VietnamFood & DrinksWhat is Vietnamese Tapioca Noodle Soup

What is Vietnamese Tapioca Noodle Soup

Vietnamese tapioca noodle soup is generally called Banh canh. The many variations of this dish include Banh canh cua, Banh canh Trang Bang, Banh canh gio heo, and Banh canh Nam Pho. The word Banh canh means tapioca noodles, and the rest of the name indicates the cooking style or the region it comes from. This article will mostly mention the first one – Banh canh cua, crab tapioca noodle soup, as it is more popular, easy to find, and looks more different from the rest.

Vietnamese Tapioca Noodles – Banh Canh

Vietnamese tapioca noodles resemble Japanese Udon but are a little more transparent in color, slippery, and softer because they are mainly tapioca starch instead of wheat flour.

The main difference between these two lies in the ratio of tapioca starch to rice flour in the dough mixture. While the main component of tapioca noodles is tapioca starch, which makes them sticky, the main element of rice noodles is rice flour. The dough is cut into large and short cylindrical pieces, like vermicelli but much larger.

Vietnamese Tapioca Noodle Soup Variations

Vietnamese tapioca noodle soup is highly varied, and its cooking style changes geologically. For example, in Hue, we have Banh canh Nam Pho and Banh canh ca loc, which are very different.

vietnamese banh canh variations coconut
Some Mekong Delta’s provinces have banh canh with some coconut milk in the broth, creating a rich creamy soup
vietnamese banh canh variations pork
A simpler variation of banh canh would be a bone broth with toppings such as pork, shrimps, or blood puddings
vietnamese banh canh variations trang bang
Banh canh Trang Bang is a provincial specialty in Dong Nai Province, which has an emphasis on its clear yet flavorful broth
vietnamese banh canh variations vegetarian
Banh canh also has a vegetarian version with a myriad of veggies and mushrooms

Crab soup has the salty taste of the sea specialties. The broth is exceptionally rich and umami thanks to the crab flavor.

Vietnamese tapioca noodle soup 1

Besides tapioca noodles, a bowl of crab tapioca noodle soup includes varied toppings such as crab sausage, fresh shrimps, a few slices of boiled pork, jelly-like blood sausage, quail egg, mushroom, and crab meat. On the top of the bowl, some chopped shallot, hot chili, and black pepper powder might be added.

Fried churros, known as Banh quay in Vietnamese, are also available. You can dip them into the gravy soup, which helps balance the flavor and adds a crispy bite.

As with other Vietnamese foods, there is always some red chili, lime, black pepper, and fish sauce on the side.

Where to Eat Tapioca Noodle Soup in Ho Chi Minh City

Crab tapioca noodle soup is only popular in Central (from Hue) and Southern Vietnam, especially in Tay Ninh- a rural province located Southwest of Vietnam, on the border with Cambodia, this place is famous for producing the best tapioca noodles. It is hard to find tapioca noodles in Hanoi or other northern provinces. In Ho Chi Minh City, you can easily find crab tapioca noodles sold in big restaurants and small food stalls on the pavements.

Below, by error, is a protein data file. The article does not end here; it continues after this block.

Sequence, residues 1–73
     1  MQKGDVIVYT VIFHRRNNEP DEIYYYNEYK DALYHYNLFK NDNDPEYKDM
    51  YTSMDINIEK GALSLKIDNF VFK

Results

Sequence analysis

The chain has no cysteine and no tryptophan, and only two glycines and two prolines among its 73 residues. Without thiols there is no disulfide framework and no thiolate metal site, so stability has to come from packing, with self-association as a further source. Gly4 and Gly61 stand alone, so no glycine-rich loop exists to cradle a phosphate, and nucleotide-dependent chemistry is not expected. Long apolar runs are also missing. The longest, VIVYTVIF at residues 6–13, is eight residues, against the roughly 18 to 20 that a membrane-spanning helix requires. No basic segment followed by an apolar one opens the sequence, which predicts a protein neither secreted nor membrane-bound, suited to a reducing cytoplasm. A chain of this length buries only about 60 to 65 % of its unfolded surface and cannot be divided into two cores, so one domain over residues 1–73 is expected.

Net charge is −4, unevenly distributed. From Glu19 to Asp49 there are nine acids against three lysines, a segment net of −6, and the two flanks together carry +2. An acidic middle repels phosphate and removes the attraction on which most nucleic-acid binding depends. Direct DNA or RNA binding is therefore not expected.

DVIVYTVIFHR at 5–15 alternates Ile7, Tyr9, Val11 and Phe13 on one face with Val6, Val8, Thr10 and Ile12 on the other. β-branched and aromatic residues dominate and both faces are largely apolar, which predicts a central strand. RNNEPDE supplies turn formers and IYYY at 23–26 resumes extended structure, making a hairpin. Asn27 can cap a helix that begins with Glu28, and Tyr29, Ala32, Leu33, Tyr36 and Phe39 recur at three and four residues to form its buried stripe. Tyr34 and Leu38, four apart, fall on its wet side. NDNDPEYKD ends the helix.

Each place has its recipe and delivers a distinct flavor. However, below is the list of selected restaurants in Ho Chi Minh City that might give you the perfect taste of the best crab Vietnamese tapioca noodle soup.

The menu of each place usually has customized options based on the topping, such as shrimp, crab sausage, and pork. You can choose to have your type of topping or have all of them in one bowl.

1. Banh canh cua Tran Khac Chan

Address: 87 Tran Khac Chan, Tan Dinh Ward, District 1
Opening hours: 2 PM – 8 PM
Price: VND 40,000 – 50,000

This single-dish restaurant is on a busy small street in District 1, Tran Khac Chan Street. In our opinion, the food quality is the most unique, outstanding restaurant among other crab soup restaurants. The tapioca noodles are thick, stunning, and soaked in flavorful gravy. The shrimps and crab meat are so fresh that you can feel the smell of the sea in every bite. The crab meatball is incredible, too. To sum up, everything in this tapioca noodle soup here is excellent.

2. Banh canh cua 14 Tran Binh Trong

Address: 223A Tran Binh Trong, Ward 3, District 5
Opening hours: 7:30 AM – 12 AM
Price: VND 40,000 – VND 60,000

At this street-side restaurant, you can experience iconic street food, sit on a tiny little plastic stool at a little table in the evening on the pavement in District 5, witness local activities on the street, or sit comfortably in the house while eating.

The service at this restaurant is outstanding. The staff is very friendly. When you reach the restaurant, they will quickly arrange your table and ask for your order with a smile.

3. Banh canh cua Me Pu

Address: 483/10 Le Van Sy, Ward 12, District 3
Opening hours: 10 AM- 8 PM (closed on Sunday), but this restaurant often runs out of food after 7 PM, so ideally, you should come before 7 PM.
Price: VND 55,000 – VND 70,000

Vietnamese tapioca noodle soup me pu le van sy 2
The appealing bowl is served at Me Pu Restaurant

The restaurant owner seems very detail-oriented because everything is clean, neat, and well-prepared. This place also has an air-conditioner, so if you want a place to hide from the wet, hot Vietnamese weather with delicious food, this place is an ideal option.

This restaurant also serves Bun oc – snail vermicelli soup and other Vietnamese snacks such as chicken floss.

Summing up Our Guide to Vietnamese Tapioca Noodle Soup

Besides Vietnamese tapioca noodle soup, Vietnam is also well-known for other noodle dishes such as Pho and Bun thit nuong (commonly known as Vietnamese rice vermicelli). Each of them has a unique flavor, which combines and makes up a variety of Vietnamese cuisine.

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